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it was great to have you. i cannot wait. one of the great things i can say to you, is to watch the super bowl and next to the sky is like watching a general and being with him as he tries to figure out how the battle will go. as everybody says, the plan does not stop at the beginning of contact. back in a moment, stay with us. ♪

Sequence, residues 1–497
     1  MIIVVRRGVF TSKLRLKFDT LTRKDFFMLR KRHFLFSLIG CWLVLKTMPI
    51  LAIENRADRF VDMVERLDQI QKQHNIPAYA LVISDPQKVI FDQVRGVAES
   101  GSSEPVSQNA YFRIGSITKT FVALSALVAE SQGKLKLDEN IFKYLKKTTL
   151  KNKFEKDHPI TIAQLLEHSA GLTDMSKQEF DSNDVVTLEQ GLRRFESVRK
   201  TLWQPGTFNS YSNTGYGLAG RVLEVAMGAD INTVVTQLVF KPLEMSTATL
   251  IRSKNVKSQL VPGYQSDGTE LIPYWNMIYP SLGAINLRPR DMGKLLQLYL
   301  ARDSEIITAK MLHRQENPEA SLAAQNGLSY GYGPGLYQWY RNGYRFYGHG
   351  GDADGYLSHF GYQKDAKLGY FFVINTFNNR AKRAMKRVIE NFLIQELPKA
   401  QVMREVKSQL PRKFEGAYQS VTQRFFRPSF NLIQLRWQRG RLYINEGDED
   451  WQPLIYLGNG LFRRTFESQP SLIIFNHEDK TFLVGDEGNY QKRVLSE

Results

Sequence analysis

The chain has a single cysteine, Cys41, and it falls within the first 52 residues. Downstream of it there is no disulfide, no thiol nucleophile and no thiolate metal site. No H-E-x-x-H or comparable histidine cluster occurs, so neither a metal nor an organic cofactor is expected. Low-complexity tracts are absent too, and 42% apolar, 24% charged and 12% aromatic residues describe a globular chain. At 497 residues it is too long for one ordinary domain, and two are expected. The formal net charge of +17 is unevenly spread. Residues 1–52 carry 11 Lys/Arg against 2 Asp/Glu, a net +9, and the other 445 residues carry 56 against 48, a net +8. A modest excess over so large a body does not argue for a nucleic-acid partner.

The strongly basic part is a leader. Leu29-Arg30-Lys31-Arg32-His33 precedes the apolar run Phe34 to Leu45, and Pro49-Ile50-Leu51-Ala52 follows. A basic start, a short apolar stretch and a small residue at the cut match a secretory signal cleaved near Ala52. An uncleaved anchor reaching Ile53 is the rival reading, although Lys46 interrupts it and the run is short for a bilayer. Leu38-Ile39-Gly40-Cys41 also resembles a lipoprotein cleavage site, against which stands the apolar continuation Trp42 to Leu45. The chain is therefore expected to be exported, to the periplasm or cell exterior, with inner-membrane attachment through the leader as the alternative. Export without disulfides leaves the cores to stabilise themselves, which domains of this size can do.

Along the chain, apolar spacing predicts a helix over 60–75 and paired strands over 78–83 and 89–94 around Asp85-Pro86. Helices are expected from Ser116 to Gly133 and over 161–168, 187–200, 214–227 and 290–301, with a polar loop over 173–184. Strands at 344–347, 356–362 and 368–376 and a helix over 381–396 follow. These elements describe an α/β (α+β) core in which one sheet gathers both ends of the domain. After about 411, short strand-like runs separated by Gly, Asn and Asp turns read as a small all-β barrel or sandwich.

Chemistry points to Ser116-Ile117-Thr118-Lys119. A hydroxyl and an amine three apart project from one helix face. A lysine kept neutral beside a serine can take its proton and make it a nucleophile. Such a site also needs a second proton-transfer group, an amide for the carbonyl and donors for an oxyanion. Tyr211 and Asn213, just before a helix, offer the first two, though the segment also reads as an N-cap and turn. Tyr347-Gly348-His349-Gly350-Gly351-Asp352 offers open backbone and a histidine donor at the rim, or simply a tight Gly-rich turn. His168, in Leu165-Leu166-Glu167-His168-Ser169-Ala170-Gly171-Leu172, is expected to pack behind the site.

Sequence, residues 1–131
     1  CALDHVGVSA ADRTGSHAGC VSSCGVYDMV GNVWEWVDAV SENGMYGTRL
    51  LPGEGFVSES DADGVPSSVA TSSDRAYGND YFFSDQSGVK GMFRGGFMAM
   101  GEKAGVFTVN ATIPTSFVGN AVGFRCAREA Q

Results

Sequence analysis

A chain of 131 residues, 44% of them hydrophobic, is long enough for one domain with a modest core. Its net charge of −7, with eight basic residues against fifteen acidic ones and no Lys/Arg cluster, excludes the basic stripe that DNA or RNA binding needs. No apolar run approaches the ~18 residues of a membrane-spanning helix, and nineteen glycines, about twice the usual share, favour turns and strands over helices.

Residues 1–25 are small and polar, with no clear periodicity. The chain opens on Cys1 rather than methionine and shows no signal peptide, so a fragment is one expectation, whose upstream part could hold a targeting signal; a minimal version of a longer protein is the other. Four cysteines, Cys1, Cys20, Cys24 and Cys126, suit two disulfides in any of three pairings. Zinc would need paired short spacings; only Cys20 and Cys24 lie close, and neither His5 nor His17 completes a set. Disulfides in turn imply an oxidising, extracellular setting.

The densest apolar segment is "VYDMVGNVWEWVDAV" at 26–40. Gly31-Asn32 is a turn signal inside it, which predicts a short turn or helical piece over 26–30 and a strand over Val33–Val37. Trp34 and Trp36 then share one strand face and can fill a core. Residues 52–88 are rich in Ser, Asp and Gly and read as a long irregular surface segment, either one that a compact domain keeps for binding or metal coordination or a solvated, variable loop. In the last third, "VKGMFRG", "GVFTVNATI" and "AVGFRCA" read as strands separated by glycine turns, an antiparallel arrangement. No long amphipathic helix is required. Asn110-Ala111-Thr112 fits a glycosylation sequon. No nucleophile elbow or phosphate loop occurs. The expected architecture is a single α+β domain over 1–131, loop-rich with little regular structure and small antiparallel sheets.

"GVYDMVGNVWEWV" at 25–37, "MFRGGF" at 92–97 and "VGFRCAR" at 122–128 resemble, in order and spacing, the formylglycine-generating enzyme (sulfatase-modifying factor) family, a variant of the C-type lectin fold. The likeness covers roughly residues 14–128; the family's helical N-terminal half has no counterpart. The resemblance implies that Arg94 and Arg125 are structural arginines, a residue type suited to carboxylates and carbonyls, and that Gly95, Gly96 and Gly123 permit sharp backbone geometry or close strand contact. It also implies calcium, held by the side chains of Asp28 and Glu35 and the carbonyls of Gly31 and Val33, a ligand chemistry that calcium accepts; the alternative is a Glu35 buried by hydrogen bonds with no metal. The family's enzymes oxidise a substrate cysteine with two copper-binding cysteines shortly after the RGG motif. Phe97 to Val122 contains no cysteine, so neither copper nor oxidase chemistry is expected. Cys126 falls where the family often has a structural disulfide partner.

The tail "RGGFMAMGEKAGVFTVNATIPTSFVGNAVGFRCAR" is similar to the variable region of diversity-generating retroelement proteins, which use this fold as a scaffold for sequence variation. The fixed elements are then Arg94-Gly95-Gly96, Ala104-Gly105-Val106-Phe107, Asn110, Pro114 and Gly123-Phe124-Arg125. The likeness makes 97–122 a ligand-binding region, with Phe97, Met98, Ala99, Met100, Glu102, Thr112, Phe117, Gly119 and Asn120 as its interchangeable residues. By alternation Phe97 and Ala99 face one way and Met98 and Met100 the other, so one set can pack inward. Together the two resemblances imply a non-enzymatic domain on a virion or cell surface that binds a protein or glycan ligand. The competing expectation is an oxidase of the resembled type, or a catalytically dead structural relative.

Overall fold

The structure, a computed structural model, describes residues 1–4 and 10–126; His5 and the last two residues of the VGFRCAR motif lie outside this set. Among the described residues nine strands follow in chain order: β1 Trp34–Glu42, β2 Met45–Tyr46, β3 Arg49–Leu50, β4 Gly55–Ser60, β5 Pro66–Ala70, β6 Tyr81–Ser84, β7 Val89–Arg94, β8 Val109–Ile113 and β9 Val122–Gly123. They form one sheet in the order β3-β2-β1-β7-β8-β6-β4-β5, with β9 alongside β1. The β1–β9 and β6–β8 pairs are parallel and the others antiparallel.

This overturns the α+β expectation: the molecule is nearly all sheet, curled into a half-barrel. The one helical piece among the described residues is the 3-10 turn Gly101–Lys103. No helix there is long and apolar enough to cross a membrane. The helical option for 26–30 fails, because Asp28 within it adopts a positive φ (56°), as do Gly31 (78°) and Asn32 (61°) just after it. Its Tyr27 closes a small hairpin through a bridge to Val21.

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♪ charlie: the world health officials are convening an emergency meeting on monday to combat what they call in their words, and explosive health threat. the mosquito borne zika virus is moving rapidly through the americas, while it symptoms can often be mistaken for the flu, it is widely suspected of causing birth defects in some and in some cases of paralysis. estimates say as many as three people can be infected by next year and that it may reach the united states by the spring. dr. anthony fauci run for the national institute of allergy and infectious diseases. i'm pleased to have him on this program. let's begin with the level of concern and the level of the threat and then talk about the response. dr. fauci: we are no doubt already seeing and will continue to see what we call "imported cases." it is correct that there is a very, very extensive outbreak of zika virus in south america, particularly in the northeastern